A blast of Arctic air gripped the vast middle of the United States on Monday, with the coldest temperatures in two decades threatening lives, forcing businesses and schools to close and canceling thousands of flights.
Shelters for the homeless were overwhelmed and oil production could come to a standstill as the severe cold, described by some meteorologists as the "polar vortex" and dubbed by media as the "polar pig," brought temperatures below 0 degrees Fahrenheit.
Temperatures were 20 to 40 degrees below average in parts of Montana, North and South Dakota, Minnesota, Iowa, Wisconsin, Michigan and Nebraska, according to the National Weather Service.
The Arctic air was moving toward the east coast where temperatures were expected to fall throughout Monday to about 0 on Tuesday. The coldest temperatures in years were expected in southern states.
"Cold temperatures and gusty winds associated with an arctic air mass will continue dangerously cold wind chills as far south as Brownsville, Texas and central Florida," the National Weather Service said.
The cold threatened to disrupt oil production, particularly in North Dakota, which could push fuel prices higher, analysts said. It also stalled shipments of grain and livestock and posed a threat to the dormant winter wheat crop.
In Cleveland, Ohio, where the temperature was 6 and was forecast to drop to minus 7 overnight, homeless shelters were operating at full capacity. Shelter operators had begun to open overflow facilities to accommodate more than 2,000 people who had come seeking warmth.
"There are also going to be people that won't go into the shelters," said Brian Davis, an organizer with Northeast Ohio Coalition for the Homeless. Frostbite can set in within minutes at temperatures as low as Cleveland was experiencing, according to experts.
The National Weather Service issued warnings for life-threatening wind chills in western and central North Dakota, with temperatures as low as minus 60.
The frigid temperatures in the United States mirrored or outdid those in such parts of the world as Almaty, Kazakhstan where it was minus 4 degrees; Mongolia, where temperatures reached minus 10 degrees and Irkutsk, in Siberia, where it was minus 27 degrees.
Some 3,364 flights were canceled and 3,155 delayed, according to FlightAware.com, which tracks airline activity.
More than half of the flights into or out of Chicago's O'Hare International Airport were canceled. The afternoon temperature in Chicago was minus 14. The last time Chicago was so cold was February 1996, according to Accuweather.com.
After five days of scrambling to catch up from storm delays, JetBlue said it would halt operations at three airports in the New York area and Boston Logan International Airport from 5 p.m. ET Monday until 10 a.m. ET on Tuesday to give crews time to rest.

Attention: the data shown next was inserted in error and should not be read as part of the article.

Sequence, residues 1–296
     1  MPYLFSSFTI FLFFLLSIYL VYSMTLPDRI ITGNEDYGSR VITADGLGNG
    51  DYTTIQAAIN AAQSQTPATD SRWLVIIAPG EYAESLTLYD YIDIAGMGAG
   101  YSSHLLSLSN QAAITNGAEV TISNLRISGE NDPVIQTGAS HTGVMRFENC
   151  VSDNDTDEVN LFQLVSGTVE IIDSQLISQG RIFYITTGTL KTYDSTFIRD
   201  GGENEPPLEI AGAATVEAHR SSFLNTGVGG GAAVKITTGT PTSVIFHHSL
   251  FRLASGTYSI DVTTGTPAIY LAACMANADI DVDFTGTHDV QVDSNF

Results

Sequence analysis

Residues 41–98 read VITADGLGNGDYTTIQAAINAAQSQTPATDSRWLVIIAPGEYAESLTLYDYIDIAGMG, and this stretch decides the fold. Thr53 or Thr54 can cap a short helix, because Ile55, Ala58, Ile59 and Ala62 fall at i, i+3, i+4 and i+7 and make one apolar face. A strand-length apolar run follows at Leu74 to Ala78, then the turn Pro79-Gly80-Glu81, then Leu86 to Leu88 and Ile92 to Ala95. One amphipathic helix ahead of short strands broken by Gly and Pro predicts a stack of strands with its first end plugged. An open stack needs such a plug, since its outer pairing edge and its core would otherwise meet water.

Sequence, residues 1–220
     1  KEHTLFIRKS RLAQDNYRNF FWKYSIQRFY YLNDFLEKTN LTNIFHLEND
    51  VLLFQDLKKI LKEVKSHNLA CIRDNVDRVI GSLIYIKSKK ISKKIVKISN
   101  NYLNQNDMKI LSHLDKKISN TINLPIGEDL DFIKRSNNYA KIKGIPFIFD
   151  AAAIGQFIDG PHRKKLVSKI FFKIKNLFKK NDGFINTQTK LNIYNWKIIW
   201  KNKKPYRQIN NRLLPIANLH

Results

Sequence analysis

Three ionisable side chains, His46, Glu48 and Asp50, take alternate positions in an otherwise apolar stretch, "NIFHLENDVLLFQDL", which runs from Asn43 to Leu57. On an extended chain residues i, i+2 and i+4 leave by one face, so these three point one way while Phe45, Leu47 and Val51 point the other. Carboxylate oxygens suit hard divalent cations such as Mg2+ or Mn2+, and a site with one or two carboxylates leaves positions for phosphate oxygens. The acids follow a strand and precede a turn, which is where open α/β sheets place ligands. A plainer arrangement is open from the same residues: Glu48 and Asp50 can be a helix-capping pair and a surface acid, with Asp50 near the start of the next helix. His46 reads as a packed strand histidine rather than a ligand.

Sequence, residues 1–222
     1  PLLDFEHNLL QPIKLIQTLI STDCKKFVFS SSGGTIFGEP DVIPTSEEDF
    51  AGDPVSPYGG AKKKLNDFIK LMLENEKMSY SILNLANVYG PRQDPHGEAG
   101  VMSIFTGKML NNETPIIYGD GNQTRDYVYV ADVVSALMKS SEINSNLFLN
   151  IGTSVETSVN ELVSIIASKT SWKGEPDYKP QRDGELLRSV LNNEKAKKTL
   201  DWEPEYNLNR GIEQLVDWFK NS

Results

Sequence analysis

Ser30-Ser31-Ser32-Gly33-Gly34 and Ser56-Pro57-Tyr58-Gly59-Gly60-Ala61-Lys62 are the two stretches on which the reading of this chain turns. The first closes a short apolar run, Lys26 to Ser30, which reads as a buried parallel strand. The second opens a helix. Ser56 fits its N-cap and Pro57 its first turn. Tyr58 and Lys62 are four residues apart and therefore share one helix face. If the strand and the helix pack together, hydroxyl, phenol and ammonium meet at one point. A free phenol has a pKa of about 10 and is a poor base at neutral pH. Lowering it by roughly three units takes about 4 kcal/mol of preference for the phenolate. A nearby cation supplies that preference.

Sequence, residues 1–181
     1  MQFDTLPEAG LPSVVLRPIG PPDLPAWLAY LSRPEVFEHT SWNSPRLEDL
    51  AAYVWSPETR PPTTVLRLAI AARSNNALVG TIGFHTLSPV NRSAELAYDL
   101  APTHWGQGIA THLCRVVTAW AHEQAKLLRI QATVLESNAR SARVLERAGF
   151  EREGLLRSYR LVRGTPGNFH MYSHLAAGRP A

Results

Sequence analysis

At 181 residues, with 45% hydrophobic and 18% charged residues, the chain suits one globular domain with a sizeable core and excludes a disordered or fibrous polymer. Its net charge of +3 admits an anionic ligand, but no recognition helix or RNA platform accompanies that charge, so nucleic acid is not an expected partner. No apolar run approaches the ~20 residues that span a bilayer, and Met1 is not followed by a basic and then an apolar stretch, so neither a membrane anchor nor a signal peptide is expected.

The intense cold, which followed a storm last week that dumped up to two feet of snow on parts of New England, took a toll on traffic at U.S. retailers, as shoppers opted for the comforts of home over icy roads and frozen parking lots.
Retail consulting firm Customer Growth Partners estimated that nationwide, store traffic fell 4 percent to 5 percent from Jan. 2 through 5, the final four days of the holiday shopping season. The cold did spark demand for cold-weather gear, said Customer Growth Partners president Craig Johnson.
"Outerwear sales went through the roof," Johnson said. He said home improvement chains including Home Depot Inc and Lowe's Cos Inc were able to sell snow blowers and other snow removal equipment at full price, rather than at a discount at the end of the season.
The intense cold could affect oil production at companies such as Continental Resources, Marathon Oil and Hess Energy because conditions in North Dakota limited workers' ability to function.
"It is so cold that they cannot produce at full capacity, if at all," said Carsten Fritsch, senior oil analyst at Commerzbank in Frankfurt.
From Minnesota, no stranger to cold weather, to normally warm Atlanta, unusually frigid conditions prompted scattered school closures. In Chicago, officials who had initially planned to keep schools open on Monday closed them after protests from the teachers union.
"It's a far cry from the days when our parents used to say 'I used to walk uphill both ways in a snow storm to get to school,'" said Oklahoma City filmmaker Cacky Poarch, 45, the mother of two children. "Now, we just say, 'It's cold. No school today.'"
Indiana was particularly hard hit. Offices and schools were closed in Indianapolis and businesses were asked to close at least until noon, if not all day.
Many people did not have the luxury of staying home.
In the western Chicago suburb of Geneva, Beth Anderson was shoveling the remains of Sunday's snow from her driveway before sunrise on Monday while warming up her pickup truck for the short drive to her job at a mall.
Anderson, 38, was well wrapped up against the bitter cold and was cheerful about the weather.
"I just wish I could get the day off too but it would take more than a bit of weather to close down the mall where I work," she said. Asked about the bitter temperatures, Anderson shook her head. "This is the Midwest, this is what winter is supposed to be like. It's been a while, so we were due for a cold one sooner or later."